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Monday, Apr 19, 2021

Church of England launches investigation after clergyman calls fans of WWII hero Captain Tom a ‘CULT OF WHITE BRITISH NATIONALISM’

Church of England launches investigation after clergyman calls fans of WWII hero Captain Tom a ‘CULT OF WHITE BRITISH NATIONALISM’

The Church of England is investigating one of its clergymen after he posted a Twitter message smearing fans of WWII veteran Captain Tom Moore, who died this week of Covid-19, as being part of a “cult of white British nationalism.”

The Rev. Jarel Robinson-Brown tweeted on Wednesday that he wouldn’t be taking part in a national clap to honor Moore, who died at the age of 100 after raising nearly 33 million pounds for the National Health Service in a funds-raising walk. “The cult of Captain Tom is a cult of white British nationalism,” Robinson-Brown said. “I will offer prayers for the repose of his kind and generous soul, but I will not be joining the national clap.”

The tweet was later removed amid a public backlash, demonstrating that there’s apparently still some limits on the acceptable bounds of bigoted wokeness. Robinson-Brown apparently deleted his Twitter account, which he had called “black prophetic fire.” Robinson-Brown issued an “unreserved apology for the insensitive timing and content of my tweet regarding the clap for Captain Tom.”

The Diocese of London said a review of the clergyman’s actions is underway, as the church expects its representatives to ensure their online activities are in line with its guidelines and “built on truth, kindness and sensitivity to others.” Removing the tweet and apologizing “does not undo the hurt he has caused, not least to Captain Tom’s family,” the diocese said on Thursday, but it added, “Nor do Jarel’s actions justify the racist abuse he is now receiving.”

However, people angered by Robinson-Brown’s message said it was he whose words were racist. “This man is a bigot and should not be a representative of the church or anything else, for that matter,” conservative commentator Patricia Page said. She urged people to sign an online petition that has been started calling for the church to fire Robinson-Brown.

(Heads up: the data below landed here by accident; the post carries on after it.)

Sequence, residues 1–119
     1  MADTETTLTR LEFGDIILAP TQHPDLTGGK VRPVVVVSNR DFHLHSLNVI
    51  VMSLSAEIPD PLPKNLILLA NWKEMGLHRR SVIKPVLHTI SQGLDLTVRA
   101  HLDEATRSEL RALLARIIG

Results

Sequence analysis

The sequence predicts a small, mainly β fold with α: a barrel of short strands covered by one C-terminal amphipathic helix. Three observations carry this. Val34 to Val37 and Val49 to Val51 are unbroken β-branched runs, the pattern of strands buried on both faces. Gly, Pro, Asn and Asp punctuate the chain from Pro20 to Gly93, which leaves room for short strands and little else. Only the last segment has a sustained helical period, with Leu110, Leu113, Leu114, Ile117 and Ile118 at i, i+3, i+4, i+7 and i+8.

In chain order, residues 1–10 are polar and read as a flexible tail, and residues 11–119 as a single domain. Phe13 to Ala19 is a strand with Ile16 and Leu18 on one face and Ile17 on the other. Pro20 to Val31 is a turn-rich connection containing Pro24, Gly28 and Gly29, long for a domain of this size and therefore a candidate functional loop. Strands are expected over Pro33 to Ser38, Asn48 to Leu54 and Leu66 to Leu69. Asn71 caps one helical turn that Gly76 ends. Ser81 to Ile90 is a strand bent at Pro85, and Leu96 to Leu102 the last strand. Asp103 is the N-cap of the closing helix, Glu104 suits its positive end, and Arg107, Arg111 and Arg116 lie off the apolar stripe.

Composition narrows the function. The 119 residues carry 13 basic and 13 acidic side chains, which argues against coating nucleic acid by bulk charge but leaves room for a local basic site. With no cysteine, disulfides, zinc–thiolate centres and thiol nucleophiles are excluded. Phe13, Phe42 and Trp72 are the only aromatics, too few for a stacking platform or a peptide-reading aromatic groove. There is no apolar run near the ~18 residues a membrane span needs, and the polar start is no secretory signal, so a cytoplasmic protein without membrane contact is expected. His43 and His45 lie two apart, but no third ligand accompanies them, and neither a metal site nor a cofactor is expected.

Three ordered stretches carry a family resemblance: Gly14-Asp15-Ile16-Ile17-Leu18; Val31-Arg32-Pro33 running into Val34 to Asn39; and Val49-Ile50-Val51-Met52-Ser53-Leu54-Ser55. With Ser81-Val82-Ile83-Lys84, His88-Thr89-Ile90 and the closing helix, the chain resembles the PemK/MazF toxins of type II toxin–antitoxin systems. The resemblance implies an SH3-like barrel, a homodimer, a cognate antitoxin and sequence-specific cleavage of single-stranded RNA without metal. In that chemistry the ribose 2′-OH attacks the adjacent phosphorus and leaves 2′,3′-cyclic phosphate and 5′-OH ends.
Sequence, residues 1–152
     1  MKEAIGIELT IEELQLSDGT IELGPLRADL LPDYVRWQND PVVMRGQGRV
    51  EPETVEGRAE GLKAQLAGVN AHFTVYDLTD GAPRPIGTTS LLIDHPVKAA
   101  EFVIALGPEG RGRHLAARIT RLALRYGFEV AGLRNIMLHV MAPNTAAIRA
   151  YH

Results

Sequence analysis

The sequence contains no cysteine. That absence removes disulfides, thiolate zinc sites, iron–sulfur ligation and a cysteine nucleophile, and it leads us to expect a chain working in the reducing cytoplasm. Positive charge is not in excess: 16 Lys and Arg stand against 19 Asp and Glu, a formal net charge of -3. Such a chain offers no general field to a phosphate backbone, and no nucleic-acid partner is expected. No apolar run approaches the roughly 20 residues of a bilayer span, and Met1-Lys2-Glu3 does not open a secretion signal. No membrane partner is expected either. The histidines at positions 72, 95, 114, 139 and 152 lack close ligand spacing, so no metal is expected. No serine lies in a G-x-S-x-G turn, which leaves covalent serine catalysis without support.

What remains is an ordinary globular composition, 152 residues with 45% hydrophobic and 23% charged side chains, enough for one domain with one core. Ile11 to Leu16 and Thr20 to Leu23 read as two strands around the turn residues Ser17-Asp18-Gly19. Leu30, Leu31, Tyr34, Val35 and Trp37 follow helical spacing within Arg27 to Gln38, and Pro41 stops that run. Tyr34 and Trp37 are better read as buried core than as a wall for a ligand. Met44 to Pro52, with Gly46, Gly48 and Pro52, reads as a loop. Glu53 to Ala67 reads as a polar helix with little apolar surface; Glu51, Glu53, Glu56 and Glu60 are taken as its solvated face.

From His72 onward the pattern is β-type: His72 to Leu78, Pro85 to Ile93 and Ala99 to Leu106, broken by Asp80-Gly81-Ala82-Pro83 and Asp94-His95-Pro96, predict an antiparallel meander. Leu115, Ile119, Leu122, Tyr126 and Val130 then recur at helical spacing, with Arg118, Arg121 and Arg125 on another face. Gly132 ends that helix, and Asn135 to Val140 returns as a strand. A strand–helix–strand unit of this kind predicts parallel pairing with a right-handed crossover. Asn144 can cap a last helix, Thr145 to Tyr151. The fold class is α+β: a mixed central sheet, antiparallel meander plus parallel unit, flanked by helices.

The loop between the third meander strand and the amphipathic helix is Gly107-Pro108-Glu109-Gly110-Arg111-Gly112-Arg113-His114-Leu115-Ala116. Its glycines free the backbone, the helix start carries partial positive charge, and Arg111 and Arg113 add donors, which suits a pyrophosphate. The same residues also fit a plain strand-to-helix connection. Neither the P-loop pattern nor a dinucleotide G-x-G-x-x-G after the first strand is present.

The petition had more than 12,000 signatures, rising toward its extended goal of 15,000, as of around 9:30pm London time on Thursday.


Radio host Ian Collins called Robinson-Brown “a race-baiting fool” and said the simple act of displaying “British decency” triggered the clergyman’s hatred.


Prime Minister Boris Johnson called for Wednesday evening’s clap for Moore as a way to honor both the WWII veteran and the NHS workers for whom he raised money. Moore was so popular that at least 10 petitions were started calling for a state funeral. Others have called for erecting a statue in his honor or for burying him at Westminster Abbey.

Robinson-Brown, 29, listed such interests as “liberation theology” and “queer theology” in his since-deleted Twitter bio. The self-described “activist” said he was “passionate about issues of justice, particularly in the areas of race and sexuality.”

The clergyman reportedly has a history of controversial comments, including calling Britain’s honours system a tribute to “white supremacy” and making a reference to “ignorant white Christian men.” Robinson-Brown also once wished “a blessed Sunday to everyone except Boris (Johnson), Priti (Patel, home secretary) and all other oppressors.”

He said last month that the current UK government wants poor and homeless people to die from the pandemic. In November, when Jamaica was struck by tropical storms, Robinson-Brown said Jamaicans should “build a device to direct all the floodwater to Britain tbh because these landslides and severe flooding are the legacy of colonialism and poor infrastructure.” Even amid the backlash over his “Cult of Captain Tom” tweet, he “liked” a post saying that “if it’s going to come as a shock every time a priest says people shouldn’t worship false idols, we’re going to run out of pearls to clutch at pretty soon.”

Nevertheless, despite his penchant for controversy, Bishop of London Sarah Mullally last month appointed Robinson-Brown to serve in a prestigious post at the parish of All Hallows-by-the-Tower, an ancient church in the City of London, the Sun newspaper reported.

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